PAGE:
Victory for Seals as EU ban on Seal Products Takes Full Effect
Great news for seals! The EU ban on the marketing of seal products can finally take full effect, thanks to a court order issued earlier this week.
The general court of the European Union has lifted the interim measures that had temporarily suspended the EU regulation banning the trade in seal products for litigants in an application to the court.
The litigants included most of the commercial sealing industry, including those in Canada, Norway and Greenland. The order of the court provides an independent look at the arguments being used by the Government of Canada and sealing industry.
Refreshingly, the court notes - several times - the complete lack of evidence provided to support any of the claims made by the litigants, and effectively dismisses many of the arguments presented as being without basis.
Arguments that the recent drop in market conditions for seal products was directly linked to the EU Regulation were deemed unfounded (and in fact, they contradict earlier claims made by sealing industry representatives themselves). And while the EU ban has a complete exemption for the products of Inuit seal hunting, the ruling also noted the minimal participation of Canadian Inuit in the seal economy and the low export rate of Inuit seal products.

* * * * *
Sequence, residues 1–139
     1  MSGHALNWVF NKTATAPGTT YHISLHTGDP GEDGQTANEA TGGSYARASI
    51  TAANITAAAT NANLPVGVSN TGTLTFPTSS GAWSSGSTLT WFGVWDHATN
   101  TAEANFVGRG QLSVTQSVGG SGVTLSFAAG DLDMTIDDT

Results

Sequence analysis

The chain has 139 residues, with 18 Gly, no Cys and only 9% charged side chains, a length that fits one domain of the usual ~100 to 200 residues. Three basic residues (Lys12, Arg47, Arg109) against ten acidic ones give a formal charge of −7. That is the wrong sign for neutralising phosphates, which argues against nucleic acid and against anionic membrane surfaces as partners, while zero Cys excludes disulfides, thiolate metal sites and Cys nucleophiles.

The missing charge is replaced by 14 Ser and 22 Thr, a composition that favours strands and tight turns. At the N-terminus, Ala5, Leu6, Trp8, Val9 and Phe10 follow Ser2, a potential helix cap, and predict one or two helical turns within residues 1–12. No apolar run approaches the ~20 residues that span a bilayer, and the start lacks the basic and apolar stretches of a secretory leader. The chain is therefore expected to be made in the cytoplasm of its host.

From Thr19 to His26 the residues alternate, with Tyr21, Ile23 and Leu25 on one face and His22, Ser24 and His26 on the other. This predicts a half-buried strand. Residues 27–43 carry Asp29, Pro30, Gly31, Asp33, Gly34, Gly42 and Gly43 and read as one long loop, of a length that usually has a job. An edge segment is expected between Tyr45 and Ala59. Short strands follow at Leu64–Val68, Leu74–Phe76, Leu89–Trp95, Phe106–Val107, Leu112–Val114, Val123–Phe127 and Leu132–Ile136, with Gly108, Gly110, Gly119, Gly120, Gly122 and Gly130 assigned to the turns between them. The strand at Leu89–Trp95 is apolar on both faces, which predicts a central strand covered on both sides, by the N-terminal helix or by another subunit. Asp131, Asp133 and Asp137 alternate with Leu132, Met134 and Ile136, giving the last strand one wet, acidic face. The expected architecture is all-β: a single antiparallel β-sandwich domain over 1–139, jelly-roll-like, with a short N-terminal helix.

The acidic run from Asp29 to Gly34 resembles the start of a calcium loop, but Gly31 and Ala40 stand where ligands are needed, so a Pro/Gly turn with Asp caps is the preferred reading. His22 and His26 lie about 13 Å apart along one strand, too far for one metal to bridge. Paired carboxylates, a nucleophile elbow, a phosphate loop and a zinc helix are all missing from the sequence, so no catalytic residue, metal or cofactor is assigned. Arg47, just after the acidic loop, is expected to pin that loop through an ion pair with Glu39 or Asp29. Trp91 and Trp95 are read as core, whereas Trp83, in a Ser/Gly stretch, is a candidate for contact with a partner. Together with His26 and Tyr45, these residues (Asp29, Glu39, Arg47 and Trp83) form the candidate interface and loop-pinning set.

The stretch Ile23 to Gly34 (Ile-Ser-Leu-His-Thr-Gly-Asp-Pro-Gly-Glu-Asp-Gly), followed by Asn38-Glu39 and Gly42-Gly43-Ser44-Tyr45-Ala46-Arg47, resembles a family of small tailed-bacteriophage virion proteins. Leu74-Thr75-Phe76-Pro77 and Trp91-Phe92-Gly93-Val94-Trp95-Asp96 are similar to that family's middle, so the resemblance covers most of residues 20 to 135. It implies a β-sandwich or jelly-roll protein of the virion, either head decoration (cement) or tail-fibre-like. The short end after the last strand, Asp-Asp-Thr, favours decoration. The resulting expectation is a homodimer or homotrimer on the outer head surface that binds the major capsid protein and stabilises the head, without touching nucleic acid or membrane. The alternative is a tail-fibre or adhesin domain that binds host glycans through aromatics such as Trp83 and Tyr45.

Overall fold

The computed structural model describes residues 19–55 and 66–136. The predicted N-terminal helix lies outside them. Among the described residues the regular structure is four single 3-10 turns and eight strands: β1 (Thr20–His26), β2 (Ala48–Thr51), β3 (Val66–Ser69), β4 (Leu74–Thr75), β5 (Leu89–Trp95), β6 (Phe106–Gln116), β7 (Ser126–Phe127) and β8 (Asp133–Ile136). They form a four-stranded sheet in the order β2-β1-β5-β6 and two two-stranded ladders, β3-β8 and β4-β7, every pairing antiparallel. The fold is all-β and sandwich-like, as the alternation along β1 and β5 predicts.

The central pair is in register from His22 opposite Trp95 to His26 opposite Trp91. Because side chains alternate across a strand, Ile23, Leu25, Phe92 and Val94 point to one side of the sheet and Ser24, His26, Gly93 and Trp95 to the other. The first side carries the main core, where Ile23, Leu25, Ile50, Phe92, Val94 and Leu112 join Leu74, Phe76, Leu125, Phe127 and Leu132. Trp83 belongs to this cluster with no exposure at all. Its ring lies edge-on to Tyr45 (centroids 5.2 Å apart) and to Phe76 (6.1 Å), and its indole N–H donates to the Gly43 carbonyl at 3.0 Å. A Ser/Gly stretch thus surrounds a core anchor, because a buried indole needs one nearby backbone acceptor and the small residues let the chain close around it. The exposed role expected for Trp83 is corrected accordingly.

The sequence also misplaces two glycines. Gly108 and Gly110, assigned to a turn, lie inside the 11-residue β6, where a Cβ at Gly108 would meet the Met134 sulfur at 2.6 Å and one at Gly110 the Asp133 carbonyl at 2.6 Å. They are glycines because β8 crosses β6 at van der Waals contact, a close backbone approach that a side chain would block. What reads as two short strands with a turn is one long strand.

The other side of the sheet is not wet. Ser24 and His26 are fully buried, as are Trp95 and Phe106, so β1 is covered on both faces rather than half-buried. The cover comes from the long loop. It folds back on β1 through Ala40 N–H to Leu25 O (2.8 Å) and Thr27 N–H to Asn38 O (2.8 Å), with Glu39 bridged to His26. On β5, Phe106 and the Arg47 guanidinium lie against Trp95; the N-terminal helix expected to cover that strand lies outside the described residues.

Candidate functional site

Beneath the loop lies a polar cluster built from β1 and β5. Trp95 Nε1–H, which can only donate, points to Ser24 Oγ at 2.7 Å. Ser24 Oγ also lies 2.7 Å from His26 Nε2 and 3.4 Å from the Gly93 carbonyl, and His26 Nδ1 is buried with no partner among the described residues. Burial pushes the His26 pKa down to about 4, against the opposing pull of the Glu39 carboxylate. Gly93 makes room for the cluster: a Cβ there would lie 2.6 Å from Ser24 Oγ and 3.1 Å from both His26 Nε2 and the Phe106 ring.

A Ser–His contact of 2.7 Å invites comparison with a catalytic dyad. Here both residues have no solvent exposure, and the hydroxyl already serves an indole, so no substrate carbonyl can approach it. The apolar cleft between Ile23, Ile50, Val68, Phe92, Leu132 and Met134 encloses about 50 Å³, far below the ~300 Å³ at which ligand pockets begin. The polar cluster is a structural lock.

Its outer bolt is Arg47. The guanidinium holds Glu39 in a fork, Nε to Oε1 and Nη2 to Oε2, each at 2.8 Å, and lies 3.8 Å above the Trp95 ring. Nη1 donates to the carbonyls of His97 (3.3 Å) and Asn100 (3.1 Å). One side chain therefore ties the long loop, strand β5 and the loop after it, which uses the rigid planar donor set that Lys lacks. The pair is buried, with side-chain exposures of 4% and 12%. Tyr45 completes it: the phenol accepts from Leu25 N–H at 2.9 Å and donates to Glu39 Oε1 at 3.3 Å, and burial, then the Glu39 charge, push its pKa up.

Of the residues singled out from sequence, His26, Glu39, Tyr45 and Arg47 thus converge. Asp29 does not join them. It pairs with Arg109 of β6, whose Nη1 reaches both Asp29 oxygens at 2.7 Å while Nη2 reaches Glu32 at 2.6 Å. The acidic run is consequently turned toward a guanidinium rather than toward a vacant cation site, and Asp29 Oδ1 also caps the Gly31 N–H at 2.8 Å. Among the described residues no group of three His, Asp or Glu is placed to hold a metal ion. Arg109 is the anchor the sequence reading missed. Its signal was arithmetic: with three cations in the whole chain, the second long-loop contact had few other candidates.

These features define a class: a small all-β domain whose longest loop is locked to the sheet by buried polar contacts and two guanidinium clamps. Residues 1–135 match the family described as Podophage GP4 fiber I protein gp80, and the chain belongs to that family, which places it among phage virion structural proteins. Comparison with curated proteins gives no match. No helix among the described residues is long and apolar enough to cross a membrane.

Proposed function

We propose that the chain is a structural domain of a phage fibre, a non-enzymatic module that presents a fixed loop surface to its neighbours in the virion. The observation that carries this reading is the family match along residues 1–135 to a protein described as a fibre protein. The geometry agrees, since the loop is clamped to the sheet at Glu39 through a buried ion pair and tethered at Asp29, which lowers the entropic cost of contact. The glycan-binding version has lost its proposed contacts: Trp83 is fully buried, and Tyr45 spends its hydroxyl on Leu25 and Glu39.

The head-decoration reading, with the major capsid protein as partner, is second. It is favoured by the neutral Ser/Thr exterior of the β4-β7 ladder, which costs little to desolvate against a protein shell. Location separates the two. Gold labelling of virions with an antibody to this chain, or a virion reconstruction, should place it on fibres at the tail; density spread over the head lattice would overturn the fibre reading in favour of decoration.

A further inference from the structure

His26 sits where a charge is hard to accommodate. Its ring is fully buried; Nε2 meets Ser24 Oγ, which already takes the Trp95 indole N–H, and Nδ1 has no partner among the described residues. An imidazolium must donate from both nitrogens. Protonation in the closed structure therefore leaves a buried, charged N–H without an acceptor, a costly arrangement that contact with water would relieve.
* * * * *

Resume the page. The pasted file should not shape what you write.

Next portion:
Interestingly, the court noted that no entity governed by public law (such as the Canadian federal government) - was among the applicants in the present case. In stark contrast to all the hot air in Ottawa about "standing up for sealers", when the applicants needed the support of government, it wasn't there. Perhaps this one just wasn't up to their usual tacky photo-op standards, like chowing down on seal meat for the cameras.
This is great news for seals, the European public, and for compassionate citizens around the world - but the fight to defend the EU ban from attack is far from over. There is still a pending court case asking for the total annulment of the EU ban, and it remains to be seen how that will proceed. In addition, the Canadian and Norwegian governments have indicated their intention to challenge the EU regulation at the WTO. Further attempts from the sealing industry to undermine this critical piece of legislation are expected, but IFAW will continue to support and defend the EU ban on seal products for as long as necessary.
For more information on IFAW efforts to end the Canadian commercial seal hunt, visit http://ifaw.org.